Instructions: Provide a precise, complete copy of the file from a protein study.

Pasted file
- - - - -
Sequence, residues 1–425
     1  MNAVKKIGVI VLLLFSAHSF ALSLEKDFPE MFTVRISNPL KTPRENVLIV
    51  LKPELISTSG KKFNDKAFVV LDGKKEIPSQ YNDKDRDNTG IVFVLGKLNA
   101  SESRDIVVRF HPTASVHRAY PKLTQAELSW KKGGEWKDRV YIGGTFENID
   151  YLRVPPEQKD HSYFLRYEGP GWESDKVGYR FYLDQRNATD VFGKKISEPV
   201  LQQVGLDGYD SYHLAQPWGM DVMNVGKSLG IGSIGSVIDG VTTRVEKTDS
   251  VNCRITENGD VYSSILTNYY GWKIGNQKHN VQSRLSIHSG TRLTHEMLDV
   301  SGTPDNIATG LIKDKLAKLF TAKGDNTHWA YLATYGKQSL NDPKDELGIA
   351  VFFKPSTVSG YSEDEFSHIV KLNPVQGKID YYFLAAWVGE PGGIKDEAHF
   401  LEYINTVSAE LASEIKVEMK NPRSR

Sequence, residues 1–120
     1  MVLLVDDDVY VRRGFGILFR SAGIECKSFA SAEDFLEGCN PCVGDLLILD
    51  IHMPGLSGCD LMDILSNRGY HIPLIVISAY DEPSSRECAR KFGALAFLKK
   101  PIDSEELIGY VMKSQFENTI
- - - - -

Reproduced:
Sequence, residues 1–425
     1  MNAVKKIGVI VLLLFSAHSF ALSLEKDFPE MFTVRISNPL KTPRENVLIV
    51  LKPELISTSG KKFNDKAFVV LDGKKEIPSQ YNDKDRDNTG IVFVLGKLNA
   101  SESRDIVVRF HPTASVHRAY PKLTQAELSW KKGGEWKDRV YIGGTFENID
   151  YLRVPPEQKD HSYFLRYEGP GWESDKVGYR FYLDQRNATD VFGKKISEPV
   201  LQQVGLDGYD SYHLAQPWGM DVMNVGKSLG IGSIGSVIDG VTTRVEKTDS
   251  VNCRITENGD VYSSILTNYY GWKIGNQKHN VQSRLSIHSG TRLTHEMLDV
   301  SGTPDNIATG LIKDKLAKLF TAKGDNTHWA YLATYGKQSL NDPKDELGIA
   351  VFFKPSTVSG YSEDEFSHIV KLNPVQGKID YYFLAAWVGE PGGIKDEAHF
   401  LEYINTVSAE LASEIKVEMK NPRSR

Sequence, residues 1–120
     1  MVLLVDDDVY VRRGFGILFR SAGIECKSFA SAEDFLEGCN PCVGDLLILD
    51  IHMPGLSGCD LMDILSNRGY HIPLIVISAY DEPSSRECAR KFGALAFLKK
   101  PIDSEELIGY VMKSQFENTI